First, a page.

A Review of the Department of Defense's Program for Breast Cancer Research From 1990 to 1992, the incidence rate has leveled off at approximately 110 cases/100,000 women for all races (Kosary et al., 1996). Incidence and mortality rates have varied by race and age. In 1992, the age-adjusted incidences in Caucasian and African-American women were 113.1 versus 101.0 cases per 100,000 women, respectively (Kosary et al., 1996). For Caucasian women, mortality rates changed little in the 1970s and 1980s, declined slightly after 1990, and are currently lower than for African-American women. Mortality rates for African-American women have increased steadily since the 1970s. In 1992, the age-adjusted mortality rates for Caucasian and African-American women were 26.0 and 31.2 deaths per 100,000 women, respectively, (Kosary et al., 1996). Table 2-1 outlines age-specific incidence and mortality rates of invasive breast cancer in Caucasian and African-American women in the United States between 1988 and 1992. It is significant to note that between the ages of 20 and 44, African-American women have both a higher incidence and a higher mortality rate than Caucasian women. TABLE 2-1. Age-Specific Incidence of Breast Cancer and Mortality Rates of Women by Race in the United States, 1988-1992a   Caucasian Women African-American Women All Races Age at Diagnosis Incidence Mortality Incidence Mortality Incidence Mortality 0–4 0.0 0.0 0.0 0.0 0.0 0.0 5–9 0.0 0.0 0.0 0.0 0.0 0.0 10–14 0.0 0.0 0.2 0.0 0.1 0.0 15–19 0.0 0.0 0.2 0.0 0.1 0.0 20–24 0.9 0.1 1.9 0.3 1.0 0.1 25–29 7.1 1.0 10.5 2.5 7.5 1.2 30–34 24.5 4.3 32.0 7.9 25.2 4.7 35–39 63.4 11.1 66.8 20.1 63.8 12.0 40–44 125.4 22.1 138.2 34.4 125.4 23.0 45–49 202.6 35.8 184.7 51.9 197.8 37.0 50–54 241.7 52.6 213.8 71.2 232.7 53.8 55–59 287.5 69.8 254.8 85.2 278.0 70.4 60–64 360.0 87.6 284.7 96.3 343.3 87.0 65–69 431.1 104.2 335.8 107.1 412.1 103.0 70–74 469.1 120.6 352.5 116.5 451.0 118.8 75–79 502.5 136.9 372.6 127.1 483.9 134.9 80–84 492.6 158.0 390.3 150.8 477.4 156.1 ≥85 443.7 195.4 361.5 191.4 432.5 193.8 a Rates are per 100,000. SOURCE: Kosary et al., 1996.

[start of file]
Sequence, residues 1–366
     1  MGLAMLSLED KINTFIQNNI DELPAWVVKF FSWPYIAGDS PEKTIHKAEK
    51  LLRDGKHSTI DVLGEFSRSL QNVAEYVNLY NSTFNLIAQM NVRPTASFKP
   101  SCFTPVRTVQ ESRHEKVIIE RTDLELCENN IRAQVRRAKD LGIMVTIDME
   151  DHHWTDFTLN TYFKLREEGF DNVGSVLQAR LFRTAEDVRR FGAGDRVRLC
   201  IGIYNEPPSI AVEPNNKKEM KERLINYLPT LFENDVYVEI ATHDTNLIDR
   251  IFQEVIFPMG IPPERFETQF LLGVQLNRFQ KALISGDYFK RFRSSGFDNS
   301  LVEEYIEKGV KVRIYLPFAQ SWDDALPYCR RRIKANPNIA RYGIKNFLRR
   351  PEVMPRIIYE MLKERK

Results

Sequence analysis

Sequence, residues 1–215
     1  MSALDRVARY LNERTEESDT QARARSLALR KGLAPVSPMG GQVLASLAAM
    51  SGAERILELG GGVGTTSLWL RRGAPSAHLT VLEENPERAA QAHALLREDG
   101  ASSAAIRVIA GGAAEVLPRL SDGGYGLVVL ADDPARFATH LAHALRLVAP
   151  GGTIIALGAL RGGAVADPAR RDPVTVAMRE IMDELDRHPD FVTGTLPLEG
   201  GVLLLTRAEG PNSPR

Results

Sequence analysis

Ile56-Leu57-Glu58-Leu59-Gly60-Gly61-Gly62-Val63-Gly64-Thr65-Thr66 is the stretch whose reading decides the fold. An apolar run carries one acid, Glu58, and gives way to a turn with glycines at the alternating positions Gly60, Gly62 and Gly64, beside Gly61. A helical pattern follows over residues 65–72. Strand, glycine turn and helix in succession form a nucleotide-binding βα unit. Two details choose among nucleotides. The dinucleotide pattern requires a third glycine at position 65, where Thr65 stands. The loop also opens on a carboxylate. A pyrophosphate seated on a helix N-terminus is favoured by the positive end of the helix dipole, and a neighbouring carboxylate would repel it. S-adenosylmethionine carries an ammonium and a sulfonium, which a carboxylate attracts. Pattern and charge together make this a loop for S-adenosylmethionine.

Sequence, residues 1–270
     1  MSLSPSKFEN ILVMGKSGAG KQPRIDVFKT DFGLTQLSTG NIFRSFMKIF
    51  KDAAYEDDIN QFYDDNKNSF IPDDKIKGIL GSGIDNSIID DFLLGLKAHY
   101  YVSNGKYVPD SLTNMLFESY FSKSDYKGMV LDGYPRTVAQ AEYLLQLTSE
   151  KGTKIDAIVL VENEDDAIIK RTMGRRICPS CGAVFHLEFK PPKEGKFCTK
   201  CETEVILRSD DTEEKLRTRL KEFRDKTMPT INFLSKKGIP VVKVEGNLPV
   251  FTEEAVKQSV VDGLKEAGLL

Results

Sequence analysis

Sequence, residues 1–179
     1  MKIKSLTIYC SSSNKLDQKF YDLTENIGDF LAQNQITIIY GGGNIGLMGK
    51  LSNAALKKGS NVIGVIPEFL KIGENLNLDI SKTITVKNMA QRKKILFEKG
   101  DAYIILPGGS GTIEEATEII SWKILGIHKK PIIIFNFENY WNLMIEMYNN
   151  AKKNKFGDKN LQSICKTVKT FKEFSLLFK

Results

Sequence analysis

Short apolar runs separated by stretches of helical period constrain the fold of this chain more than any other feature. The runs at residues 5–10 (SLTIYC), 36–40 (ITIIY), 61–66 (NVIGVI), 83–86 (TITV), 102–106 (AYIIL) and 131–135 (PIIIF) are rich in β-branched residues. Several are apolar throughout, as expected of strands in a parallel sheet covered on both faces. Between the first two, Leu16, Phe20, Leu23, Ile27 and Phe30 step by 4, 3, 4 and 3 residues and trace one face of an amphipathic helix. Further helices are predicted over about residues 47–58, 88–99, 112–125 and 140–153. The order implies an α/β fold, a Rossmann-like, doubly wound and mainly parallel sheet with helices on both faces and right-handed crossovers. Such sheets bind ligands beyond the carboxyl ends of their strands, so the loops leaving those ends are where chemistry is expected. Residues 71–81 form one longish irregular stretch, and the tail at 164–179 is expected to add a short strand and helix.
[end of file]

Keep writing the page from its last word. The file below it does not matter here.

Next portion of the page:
OCR for page 22
A Review of the Department of Defense's Program for Breast Cancer Research In general, women in developing countries have a lower incidence of breast cancer than women in industrial developed countries (Pisani, 1992). However, women who have migrated from areas of low incidence to areas of high incidence, such as Japanese emigrants to Hawaii or California, show a rise in breast cancer incidence over consecutive generations (Ziegler et al., 1993). Variation in incidence rates by ethnic groups appears to be a reflection of incidence rates in the country of origin, the length of residence in the country of immigration (if relevant), and the degree of acculturation. Incidence rates for invasive breast cancer among racial and ethnic groups in the United States during the period 1988–1992 are shown in Table 2-2. TABLE 2-2. Racial/Ethnic Patterns of Invasive Breast Cancer in the United States, 1988–1992a Ethnic Group Incidence Mortality Alaskan Native 78.9 N/A American Indian (New Mexico) 31.6 N/A African-American 95.4 31.4 Chinese 55.0 11.2 Filipino 73.1 11.9 Hawaiian 105.6 25.0 Japanese 82.3 12.5 Korean 28.5 N/A Vietnamese 37.5 N/A White 111.8 27.0 Hispanic (total) 69.8 15.0 Note: N/A = data not available. a Rates are "average annual" per 100,000 population, age-adjusted to 1970 U.S. standard. SOURCE: Miller et al., 1996. STAGES OF BREAST CANCER DEVELOPMENT The breast is composed of lobes (lobules) of lactiferous (milk-producing) glands, and ducts (hollow tubes) set in fat tissue that exit at the nipple (Figure 2-1). Most breast cancers (approximately 80%) occur in the ductal region, while the remaining 20% seem to originate in the lobules (Figure 2-2a and 2-2b). Although there is some disagreement as to when histological changes can be defined as cancer, it is generally accepted that atypical hyperplasia is a precancerous entity. Ductal carcinoma in situ and lobular carcinoma in situ (which originates in the lobules) are referred to as noninvasive because the cells do not infiltrate the surrounding tissues (a process referred to as invasion). What

OCR for page 22